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Cognitive and Affective Mechanisms of Immersive Virtual Reality Learning Environments

  • Author(s): Parong, Jocelyn
  • Advisor(s): Mayer, Richard E
  • et al.
Abstract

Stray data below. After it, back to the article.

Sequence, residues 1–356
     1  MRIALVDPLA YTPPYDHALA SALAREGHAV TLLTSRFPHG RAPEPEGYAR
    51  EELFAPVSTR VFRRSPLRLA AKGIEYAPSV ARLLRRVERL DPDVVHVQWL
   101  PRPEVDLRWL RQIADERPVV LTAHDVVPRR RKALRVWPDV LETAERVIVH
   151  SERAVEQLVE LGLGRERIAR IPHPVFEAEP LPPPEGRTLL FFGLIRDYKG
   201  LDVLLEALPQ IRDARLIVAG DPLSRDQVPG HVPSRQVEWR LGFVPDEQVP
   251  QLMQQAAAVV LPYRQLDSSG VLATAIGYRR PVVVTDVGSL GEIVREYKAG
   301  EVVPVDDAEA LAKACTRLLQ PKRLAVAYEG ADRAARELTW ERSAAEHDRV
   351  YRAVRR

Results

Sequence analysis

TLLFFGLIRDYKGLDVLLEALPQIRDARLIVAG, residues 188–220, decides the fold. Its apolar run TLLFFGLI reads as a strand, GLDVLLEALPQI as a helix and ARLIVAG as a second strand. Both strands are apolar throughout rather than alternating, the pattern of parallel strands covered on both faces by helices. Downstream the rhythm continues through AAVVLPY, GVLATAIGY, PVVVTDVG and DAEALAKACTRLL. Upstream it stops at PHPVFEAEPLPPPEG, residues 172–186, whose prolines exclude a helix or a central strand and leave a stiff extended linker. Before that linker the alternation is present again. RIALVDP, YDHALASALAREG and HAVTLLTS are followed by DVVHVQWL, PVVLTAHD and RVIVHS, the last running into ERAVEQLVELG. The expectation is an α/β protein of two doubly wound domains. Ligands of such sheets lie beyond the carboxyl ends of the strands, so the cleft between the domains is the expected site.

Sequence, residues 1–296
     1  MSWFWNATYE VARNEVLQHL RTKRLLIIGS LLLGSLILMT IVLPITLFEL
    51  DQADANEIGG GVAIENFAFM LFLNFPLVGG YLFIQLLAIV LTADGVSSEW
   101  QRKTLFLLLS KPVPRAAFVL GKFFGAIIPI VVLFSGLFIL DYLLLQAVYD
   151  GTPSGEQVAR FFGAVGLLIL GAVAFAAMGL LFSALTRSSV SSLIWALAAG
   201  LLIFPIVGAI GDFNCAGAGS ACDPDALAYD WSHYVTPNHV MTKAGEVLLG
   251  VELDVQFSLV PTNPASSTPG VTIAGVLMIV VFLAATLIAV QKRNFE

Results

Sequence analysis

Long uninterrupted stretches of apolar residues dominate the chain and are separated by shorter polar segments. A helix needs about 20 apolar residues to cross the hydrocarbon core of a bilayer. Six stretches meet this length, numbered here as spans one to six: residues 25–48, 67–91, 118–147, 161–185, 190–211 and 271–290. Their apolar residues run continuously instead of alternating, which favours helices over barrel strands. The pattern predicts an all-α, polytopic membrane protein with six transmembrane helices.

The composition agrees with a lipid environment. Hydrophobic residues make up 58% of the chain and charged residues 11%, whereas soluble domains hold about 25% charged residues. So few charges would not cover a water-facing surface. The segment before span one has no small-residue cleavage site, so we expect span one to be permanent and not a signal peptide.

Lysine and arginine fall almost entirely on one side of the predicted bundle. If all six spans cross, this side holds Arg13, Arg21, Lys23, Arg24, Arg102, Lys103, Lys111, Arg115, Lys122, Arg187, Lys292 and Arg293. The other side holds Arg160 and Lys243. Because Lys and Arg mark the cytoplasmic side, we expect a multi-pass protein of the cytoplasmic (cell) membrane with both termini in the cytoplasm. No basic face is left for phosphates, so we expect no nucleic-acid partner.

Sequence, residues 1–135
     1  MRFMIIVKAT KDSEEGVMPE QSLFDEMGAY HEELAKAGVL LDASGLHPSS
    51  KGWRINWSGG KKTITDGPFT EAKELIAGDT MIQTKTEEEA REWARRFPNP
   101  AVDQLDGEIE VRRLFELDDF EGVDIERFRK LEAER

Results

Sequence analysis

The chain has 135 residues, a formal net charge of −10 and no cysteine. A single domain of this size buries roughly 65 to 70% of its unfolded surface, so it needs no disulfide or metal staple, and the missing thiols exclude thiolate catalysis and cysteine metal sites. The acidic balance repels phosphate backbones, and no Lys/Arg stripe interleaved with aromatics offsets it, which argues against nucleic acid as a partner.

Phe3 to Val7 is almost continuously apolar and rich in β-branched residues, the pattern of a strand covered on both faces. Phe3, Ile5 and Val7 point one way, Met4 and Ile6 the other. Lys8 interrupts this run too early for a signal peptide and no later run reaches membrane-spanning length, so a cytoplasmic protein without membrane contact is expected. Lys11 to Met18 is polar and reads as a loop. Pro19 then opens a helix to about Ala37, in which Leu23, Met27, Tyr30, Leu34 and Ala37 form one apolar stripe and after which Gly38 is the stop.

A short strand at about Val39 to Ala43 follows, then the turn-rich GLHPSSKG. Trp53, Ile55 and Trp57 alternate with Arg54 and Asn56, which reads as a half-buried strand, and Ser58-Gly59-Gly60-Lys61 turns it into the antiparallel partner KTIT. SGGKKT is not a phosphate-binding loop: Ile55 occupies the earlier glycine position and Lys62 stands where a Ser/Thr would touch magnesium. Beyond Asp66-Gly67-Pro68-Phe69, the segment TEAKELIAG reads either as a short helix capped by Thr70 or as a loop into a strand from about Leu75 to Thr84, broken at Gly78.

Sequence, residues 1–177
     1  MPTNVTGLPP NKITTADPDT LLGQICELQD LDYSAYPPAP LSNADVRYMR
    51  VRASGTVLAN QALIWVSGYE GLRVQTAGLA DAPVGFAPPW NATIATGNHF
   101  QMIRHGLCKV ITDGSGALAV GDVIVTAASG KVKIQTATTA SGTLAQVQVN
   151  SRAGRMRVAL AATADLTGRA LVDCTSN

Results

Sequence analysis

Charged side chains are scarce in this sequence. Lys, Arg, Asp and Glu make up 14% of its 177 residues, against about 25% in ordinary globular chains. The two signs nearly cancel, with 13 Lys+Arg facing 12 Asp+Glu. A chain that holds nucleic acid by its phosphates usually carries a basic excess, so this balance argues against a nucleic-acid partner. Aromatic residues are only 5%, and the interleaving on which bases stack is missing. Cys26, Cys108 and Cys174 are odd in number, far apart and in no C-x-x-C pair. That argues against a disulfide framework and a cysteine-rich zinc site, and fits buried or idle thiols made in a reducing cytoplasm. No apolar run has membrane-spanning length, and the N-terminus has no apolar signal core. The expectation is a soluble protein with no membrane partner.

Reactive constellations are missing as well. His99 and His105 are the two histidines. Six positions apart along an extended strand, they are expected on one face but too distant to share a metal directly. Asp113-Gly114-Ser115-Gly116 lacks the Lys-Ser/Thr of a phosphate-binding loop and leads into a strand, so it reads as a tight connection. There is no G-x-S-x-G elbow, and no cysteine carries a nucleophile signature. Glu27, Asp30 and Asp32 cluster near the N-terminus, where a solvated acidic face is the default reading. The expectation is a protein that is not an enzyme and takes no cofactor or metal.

Students and educators value the potential use of immersive virtual reality (IVR) in the classroom to teach academic content as it may increase interest and motivation to learn, which in turn may increase learning outcomes. However, one criticism is that features of IVR, such as extraneous sounds, animations, and interactions, that are not relevant to the content of the lesson, as well as the affective arousal associated with the use of IVR, may be distracting to learning processes. To examine this distraction hypothesis, two experiments were conducted in which students viewed a biology (Experiment 1) or history (Experiment 2) lesson either in IVR or in a desktop lesson containing the same content, with or without practice questions. In both experiments, students who viewed the lesson on the desktop in a PowerPoint (Experiment 1) or an interactive video (Experiment 2) outperformed those who viewed the IVR lessons on transfer tests. The desktop lessons led to higher cognitive engagement based on EEG measures in both experiments, and less self-reported extraneous cognitive load in Experiment 1. Participants also reported more high-arousal positive emotions after the IVR lessons in both experiments, and experienced higher physiological arousal based on heart-rate measures after the IVR lessons compared to the desktop lessons in Experiment 2. The same pattern of results was found when adjunct practice questions were or were not included in the lessons. Across both experiments, mediation analyses suggest that the negative relationship between instructional media and learning outcomes can be explained by self-reported cognitive processing or emotional arousal, particularly for retention test performance. Overall, immersive environments may create high emotional arousal and cognitive distraction during learning, which leads to poorer learning outcomes than desktop environments.

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